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Burlington council asks Province to deny Nelson Aggregates' mining expansion

The request comes as part of an ongoing battle between the City of Burlington and the aggregate company

Burlington councillors unanimously voted to submit a request to the Province of Ontario to deny a mining company’s application to expand their Mount Nemo open-pit quarry this morning (May 21).

The council meeting heard from representatives of CORE Burlington and Protecting Escarpment Rural Land, local environmental groups, before agreeing to submit their concerns to the provincial government.

A motion memorandum was brought forward by Mayor Marianne Meed Ward and Ward 3 councillor Rory Nisan, explaining the reasons to protect the area.

Nelson Aggregates has operated a limestone quarry in the area for more than 70 years and has faced push-back from the community over their practices and the possible expansion. Nelson would like to expand the quarry into what are currently residential and agricultural areas and the Burlington Springs golf course.

The Mount Nemo Plateau is located in both the Greenbelt and the Niagara Escarpment UNESCO Biosphere reserve and is the habitat of several endangered species. The area also has a large amount of wetlands and head water tributaries in the region that could be disturbed by the expansion. The balance of the Mount Nemo Plateau is prime agricultural land and the farmland is also under threat of development for aggregate extraction now and in the future.

The City of Burlington will be asking the province to deny Nelson Aggregates’ application and to establish long-term protection for the area by redesignating the Mount Nemo Plateau. The request will be sent to Premier Doug Ford and his ministers of the environment and natural resources, as well as local MPPs such as Burlington’s Natalie Pierre, Milton’s Zee Hamid and Oakville’s Effie Triantafilopoulos. Hamid campaigned during his recent by-election victory on the assurance that he would not allow the Nelson quarry to expand.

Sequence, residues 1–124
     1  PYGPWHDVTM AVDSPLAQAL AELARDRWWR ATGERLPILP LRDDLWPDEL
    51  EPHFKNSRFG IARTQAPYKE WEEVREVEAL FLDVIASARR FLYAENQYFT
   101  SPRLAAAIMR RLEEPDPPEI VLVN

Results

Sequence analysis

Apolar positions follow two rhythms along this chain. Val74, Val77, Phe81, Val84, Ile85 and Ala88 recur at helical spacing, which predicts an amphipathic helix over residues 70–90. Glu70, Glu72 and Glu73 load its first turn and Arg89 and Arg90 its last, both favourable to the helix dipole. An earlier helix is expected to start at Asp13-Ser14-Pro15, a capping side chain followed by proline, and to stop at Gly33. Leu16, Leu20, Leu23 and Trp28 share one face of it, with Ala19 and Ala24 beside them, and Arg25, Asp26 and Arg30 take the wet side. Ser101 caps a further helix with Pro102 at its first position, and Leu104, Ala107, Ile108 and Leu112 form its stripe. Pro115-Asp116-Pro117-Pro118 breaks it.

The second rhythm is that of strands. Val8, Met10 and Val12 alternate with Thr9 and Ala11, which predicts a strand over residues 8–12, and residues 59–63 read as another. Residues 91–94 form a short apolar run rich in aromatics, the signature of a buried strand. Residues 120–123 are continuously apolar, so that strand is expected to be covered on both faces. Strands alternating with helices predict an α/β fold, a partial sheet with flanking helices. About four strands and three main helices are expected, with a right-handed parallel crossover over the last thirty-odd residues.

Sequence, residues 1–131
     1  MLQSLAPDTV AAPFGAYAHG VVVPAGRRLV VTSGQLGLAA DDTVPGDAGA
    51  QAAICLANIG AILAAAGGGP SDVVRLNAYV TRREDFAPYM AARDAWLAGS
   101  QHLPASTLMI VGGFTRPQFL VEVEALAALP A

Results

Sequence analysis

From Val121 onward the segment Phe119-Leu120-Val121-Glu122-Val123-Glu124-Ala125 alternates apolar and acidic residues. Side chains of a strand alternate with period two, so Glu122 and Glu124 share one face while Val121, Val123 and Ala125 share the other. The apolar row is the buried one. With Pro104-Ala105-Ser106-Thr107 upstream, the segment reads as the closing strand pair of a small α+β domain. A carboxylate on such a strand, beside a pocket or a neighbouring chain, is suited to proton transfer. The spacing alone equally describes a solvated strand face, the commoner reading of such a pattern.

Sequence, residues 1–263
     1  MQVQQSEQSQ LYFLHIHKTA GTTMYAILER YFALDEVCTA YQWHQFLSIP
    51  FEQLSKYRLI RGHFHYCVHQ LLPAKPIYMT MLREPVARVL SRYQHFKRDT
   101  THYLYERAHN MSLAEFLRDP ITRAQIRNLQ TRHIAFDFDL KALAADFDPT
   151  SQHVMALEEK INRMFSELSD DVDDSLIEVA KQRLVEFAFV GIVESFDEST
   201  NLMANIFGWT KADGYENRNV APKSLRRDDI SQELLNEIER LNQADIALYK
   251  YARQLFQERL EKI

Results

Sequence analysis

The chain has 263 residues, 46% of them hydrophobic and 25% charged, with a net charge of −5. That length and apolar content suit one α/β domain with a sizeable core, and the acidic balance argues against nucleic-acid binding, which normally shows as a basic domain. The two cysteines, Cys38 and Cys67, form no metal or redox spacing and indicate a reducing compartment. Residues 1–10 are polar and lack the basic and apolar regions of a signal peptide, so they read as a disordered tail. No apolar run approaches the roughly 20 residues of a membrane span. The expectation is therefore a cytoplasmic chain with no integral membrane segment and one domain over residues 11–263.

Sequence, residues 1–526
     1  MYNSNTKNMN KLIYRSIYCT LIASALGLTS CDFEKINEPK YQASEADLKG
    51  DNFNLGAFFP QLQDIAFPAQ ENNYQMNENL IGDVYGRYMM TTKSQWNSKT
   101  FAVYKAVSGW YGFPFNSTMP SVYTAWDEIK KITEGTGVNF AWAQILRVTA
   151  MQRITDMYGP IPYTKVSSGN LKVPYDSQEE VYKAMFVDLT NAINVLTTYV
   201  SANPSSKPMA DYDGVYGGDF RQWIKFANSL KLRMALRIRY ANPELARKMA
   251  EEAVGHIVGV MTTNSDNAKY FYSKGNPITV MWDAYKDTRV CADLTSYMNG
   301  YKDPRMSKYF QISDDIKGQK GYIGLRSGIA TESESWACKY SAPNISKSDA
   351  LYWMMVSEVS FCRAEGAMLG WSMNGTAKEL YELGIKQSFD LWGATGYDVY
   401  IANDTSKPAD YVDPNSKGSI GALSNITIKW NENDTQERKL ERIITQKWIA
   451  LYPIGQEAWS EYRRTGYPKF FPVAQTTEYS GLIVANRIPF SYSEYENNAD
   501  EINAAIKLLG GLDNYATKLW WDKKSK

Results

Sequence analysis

Representatives from the Halton Region, the Joint Agency Review Team and local environmental groups have several concerns over the damage that an expansion to the quarry could do to both the environment and to the health of people in the area.

The groups believe that Nelson Aggregates expansion would threaten water resources and the natural features that depend on them, such as the surrounding wetlands and the destruction of fish and amphibian habitats.

Additionally, the area would see significant increases in both noise and air pollution, which could prove hazardous to local communities, and the danger of rocks thrown clear from the quarry by the explosives used by Nelson Aggregates also remains a problem.

A similar application from the company was denied in 2012 and a push to have the area redesignated to Escarpment Natural and Escarpment Protection fell through in 2016. This designation would keep much of the area as natural as possible and restrict development.

There are currently 22 active quarries in the Halton region which produce 13 times the annual average demand for aggregate in Ontario.

Council has also asked the province to establish long-term protection through the redesignation of the Mount Nemo Plateau to Escarpment Natural and Escarpment Protection.

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Calum O'Malley

About the Author: Calum O'Malley

Calum O’Malley was born and raised in Burlington and became a full-time reporter in 2024
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